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Whale and dolphin volunteer vacation

Pilot whales
Pilot whales
By Mmo iwdg (Own work) [CC-BY-SA-3.0 ( or GFDL (], via Wikimedia Commons

A different type of European vacation is spent amidst a team of scientists who research whales and dolphins in the Strait of Gibraltar, Spain. Seven types of cetaceans are tracked and studied: killer whales, pilot whales, sperm whales, fin
, bottlenose dolphins, common dolphins and striped dolphins.

This work is important because the Strait of Gibraltar has an extremely high amount of maritime traffic. There have been
many collisions between the sealife and ships. Killer whales have also been the unintended target of tuna lines from
fisheries. The project works with the Spanish Ministry of Environment on solutions to these problems and more. Teams
are in charge of identification of individual whales and dolphins, along with tracking their lives for the purposes of

Depending on the weather, a typical day may include the following activities:

7:00-8:00 Wake up and breakfast.
8:00-8:30 Go to the boat, charge the material onboard, get everything ready to leave the harbor.
8:30 Leave the harbor and start searching for cetaceans. There are many cetaceans in the area so the probability of
encounter is very high (around 95%). The work at sea will depend on the research objectives of the day, the behavior of
the animals (sometimes it is not possible to work with them) and the weather. Main tasks will be to help with the tracking
of cetaceans and to take data on photo-ID and biopsy.
18:00 Arrive at the harbor. Store all the material and tidy the boat.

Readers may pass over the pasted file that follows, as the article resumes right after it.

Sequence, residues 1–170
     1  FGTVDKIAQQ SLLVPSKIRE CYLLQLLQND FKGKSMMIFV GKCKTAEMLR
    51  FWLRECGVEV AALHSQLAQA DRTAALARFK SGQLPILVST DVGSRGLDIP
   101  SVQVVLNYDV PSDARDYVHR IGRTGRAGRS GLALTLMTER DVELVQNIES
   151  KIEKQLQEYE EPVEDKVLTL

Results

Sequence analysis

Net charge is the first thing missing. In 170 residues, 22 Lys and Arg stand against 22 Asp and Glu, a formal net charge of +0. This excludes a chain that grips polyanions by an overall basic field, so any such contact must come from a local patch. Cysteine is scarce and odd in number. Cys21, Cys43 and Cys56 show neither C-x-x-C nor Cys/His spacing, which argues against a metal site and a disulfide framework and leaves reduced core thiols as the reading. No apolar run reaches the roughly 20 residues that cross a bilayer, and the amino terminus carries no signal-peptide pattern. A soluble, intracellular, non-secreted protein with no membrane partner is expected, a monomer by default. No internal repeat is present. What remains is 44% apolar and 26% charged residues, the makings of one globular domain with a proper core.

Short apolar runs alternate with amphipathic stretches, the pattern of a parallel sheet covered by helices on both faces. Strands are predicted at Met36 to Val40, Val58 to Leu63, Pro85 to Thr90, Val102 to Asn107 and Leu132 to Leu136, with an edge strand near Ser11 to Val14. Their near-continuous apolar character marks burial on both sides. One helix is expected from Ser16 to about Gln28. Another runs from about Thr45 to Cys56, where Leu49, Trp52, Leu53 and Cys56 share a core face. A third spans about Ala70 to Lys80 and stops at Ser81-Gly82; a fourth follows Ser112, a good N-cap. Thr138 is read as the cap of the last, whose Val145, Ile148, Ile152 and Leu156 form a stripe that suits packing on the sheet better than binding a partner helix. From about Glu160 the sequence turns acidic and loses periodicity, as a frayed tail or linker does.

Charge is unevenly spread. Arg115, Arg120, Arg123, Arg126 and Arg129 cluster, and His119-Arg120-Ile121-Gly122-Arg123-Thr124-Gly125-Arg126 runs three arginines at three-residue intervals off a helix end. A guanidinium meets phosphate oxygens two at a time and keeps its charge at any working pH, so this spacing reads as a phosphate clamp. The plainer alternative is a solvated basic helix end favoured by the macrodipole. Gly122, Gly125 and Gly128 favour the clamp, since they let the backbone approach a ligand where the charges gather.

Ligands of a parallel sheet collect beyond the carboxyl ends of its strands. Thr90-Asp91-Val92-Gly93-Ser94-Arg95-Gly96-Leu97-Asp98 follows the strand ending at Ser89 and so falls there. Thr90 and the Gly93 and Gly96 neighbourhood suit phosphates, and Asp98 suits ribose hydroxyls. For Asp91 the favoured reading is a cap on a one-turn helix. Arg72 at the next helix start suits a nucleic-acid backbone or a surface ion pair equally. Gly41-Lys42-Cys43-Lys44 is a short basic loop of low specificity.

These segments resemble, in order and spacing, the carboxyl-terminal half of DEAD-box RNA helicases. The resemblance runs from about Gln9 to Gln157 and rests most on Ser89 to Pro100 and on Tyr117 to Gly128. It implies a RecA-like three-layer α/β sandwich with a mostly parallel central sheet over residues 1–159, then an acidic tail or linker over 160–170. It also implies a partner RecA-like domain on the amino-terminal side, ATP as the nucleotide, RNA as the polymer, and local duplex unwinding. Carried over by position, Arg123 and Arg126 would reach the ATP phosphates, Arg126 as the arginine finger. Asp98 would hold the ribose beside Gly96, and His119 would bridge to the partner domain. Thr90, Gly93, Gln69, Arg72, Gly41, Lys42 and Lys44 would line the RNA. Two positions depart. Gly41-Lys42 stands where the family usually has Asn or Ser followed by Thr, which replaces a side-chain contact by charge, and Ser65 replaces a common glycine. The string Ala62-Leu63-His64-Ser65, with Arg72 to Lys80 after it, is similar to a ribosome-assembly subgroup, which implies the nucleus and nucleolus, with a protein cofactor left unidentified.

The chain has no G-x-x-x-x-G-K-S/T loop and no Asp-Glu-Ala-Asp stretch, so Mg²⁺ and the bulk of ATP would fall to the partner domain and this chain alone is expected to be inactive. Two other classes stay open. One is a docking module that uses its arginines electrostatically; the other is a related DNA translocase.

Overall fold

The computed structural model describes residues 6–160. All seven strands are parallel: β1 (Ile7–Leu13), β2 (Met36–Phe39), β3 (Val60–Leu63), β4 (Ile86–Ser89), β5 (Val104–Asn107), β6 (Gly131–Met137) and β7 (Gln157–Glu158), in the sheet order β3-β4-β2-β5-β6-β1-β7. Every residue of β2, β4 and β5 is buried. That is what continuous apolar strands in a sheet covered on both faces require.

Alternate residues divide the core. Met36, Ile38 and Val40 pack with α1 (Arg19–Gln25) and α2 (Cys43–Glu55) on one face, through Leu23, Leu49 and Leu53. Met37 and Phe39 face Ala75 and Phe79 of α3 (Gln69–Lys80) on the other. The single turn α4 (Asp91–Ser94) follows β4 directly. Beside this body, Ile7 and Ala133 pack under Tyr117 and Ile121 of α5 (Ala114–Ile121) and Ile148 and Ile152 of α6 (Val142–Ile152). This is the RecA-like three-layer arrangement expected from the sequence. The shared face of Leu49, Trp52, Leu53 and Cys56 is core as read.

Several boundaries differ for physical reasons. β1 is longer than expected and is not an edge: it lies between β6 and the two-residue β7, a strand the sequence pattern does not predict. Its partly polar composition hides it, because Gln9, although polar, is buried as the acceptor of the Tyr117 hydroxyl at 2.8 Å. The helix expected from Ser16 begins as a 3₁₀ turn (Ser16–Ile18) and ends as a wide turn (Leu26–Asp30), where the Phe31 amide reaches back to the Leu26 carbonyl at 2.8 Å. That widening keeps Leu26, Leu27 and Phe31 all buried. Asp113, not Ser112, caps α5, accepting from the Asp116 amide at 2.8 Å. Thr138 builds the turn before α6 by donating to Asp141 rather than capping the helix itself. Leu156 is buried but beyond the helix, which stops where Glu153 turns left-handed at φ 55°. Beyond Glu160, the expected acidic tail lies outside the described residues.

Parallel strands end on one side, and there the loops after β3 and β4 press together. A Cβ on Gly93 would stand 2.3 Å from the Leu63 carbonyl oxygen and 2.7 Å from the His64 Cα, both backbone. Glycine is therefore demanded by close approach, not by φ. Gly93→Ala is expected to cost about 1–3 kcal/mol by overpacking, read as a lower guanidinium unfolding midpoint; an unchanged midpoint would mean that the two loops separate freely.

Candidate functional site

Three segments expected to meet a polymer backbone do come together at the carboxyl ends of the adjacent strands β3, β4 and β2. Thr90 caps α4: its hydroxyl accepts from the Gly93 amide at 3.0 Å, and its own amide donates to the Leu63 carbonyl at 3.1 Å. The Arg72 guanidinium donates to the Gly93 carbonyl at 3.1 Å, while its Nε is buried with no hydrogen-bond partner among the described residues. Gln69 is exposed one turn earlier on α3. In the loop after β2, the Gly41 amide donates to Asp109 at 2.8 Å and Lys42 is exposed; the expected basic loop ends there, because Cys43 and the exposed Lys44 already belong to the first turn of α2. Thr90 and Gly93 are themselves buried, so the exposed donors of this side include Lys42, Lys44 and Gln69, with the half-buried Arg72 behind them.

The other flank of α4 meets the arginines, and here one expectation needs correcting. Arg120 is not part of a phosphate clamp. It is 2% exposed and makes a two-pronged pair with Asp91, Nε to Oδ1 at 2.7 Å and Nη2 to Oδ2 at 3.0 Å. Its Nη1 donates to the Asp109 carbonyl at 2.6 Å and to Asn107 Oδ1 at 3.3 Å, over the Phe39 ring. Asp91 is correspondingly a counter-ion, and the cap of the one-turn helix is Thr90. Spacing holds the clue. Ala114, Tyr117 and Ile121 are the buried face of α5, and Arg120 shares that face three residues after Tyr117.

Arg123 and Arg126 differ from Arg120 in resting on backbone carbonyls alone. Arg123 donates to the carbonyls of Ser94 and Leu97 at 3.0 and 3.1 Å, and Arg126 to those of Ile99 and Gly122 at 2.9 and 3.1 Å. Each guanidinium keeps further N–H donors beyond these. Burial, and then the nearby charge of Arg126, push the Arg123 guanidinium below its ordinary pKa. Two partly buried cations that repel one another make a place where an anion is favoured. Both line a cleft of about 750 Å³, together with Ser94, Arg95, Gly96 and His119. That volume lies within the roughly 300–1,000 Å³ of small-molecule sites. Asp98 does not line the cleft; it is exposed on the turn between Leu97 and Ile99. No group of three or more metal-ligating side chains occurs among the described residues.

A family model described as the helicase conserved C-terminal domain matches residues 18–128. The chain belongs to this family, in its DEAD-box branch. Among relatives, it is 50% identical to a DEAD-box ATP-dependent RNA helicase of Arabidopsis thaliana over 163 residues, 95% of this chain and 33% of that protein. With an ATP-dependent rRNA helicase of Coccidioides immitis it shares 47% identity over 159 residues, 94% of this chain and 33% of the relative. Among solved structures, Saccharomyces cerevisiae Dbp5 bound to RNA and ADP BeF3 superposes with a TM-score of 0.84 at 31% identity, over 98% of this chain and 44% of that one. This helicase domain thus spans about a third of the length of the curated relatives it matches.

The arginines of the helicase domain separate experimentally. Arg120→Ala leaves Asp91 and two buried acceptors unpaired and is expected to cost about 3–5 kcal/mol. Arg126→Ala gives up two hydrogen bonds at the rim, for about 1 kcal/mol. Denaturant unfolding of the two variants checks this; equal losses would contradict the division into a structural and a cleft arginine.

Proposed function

19:00-21:00 Back to the research center for a debriefing of the day, download the pictures, prepare the biopsy samples
and look at the weather predictions for the next day.
21:00-23:00 Dinner and wash up

A typical day in case of bad weather consists of:

9:00-9:10 Preparation of activities of the day.
9:10-11:00 Presentations on general biology of cetaceans or our research and methodologies used.
11:00-13:00 Work on a specific personal task, under supervision, given at the beginning of the trip.
13:00-15:00 Lunchtime
15:00-18:00 Visit of historical places and/or walk in the Natural Park.
18:00-21:00 Back to the research center for a debriefing of the day, work on personal tasks and look at the weather
predictions for the next day.
21:00-23:00 Dinner and wash up.

A typical week:

Monday is the first day of the trip and is also the day of the arrival of all the research assistants. There is an introductory
presentation on Monday night to explain who we are, what we will do during the trip, how everything works and get to
know you. Then we will go to the supermarket to do the shopping for the trip. If the weather is good, we will be going out to sea every day of the trip. However, please note there is an average of 5 good days at sea per trip but it can vary from two to nine days at sea. Therefore, many presentations, tasks and visits are prepared relating to the study and biology of
cetaceans. The trip ends on the Friday of the next week and we will not be going out to sea. In the morning a selection of
the best pictures from everybody will be collected so that all volunteers have a souvenir from the trip.

Currently, there are four PhD theses being worked on by the staff team. The studies involve demography and genetics of pilot whales, the energetics of killer whales, conservation and large cetaceans, and demography and social structure of
bottlenose dolphins.

Note no specific knowledge of skills are required to volunteer, just a willingness to help. All participants will be trained.

The 12-day program costs 990 euros, and includes shared lodging and food.

For more info:

Meet the Project Leaders

Read more on the GVI website

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